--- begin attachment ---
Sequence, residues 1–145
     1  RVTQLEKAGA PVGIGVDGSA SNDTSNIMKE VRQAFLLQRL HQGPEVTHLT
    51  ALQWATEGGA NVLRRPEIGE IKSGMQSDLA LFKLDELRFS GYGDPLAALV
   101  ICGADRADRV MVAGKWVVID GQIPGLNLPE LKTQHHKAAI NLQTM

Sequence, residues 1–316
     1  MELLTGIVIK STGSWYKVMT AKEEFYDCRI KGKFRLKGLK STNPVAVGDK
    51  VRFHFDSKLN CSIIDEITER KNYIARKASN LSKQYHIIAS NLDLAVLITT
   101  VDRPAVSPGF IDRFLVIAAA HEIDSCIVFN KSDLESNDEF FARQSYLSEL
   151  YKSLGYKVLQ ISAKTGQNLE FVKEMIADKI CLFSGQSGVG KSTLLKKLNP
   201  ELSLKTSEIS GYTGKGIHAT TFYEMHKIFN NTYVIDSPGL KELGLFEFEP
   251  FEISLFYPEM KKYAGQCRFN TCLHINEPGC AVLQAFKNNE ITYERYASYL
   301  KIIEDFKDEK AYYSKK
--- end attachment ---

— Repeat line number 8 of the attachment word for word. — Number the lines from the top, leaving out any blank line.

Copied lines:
   101  VDRPAVSPGF IDRFLVIAAA HEIDSCIVFN KSDLESNDEF FARQSYLSEL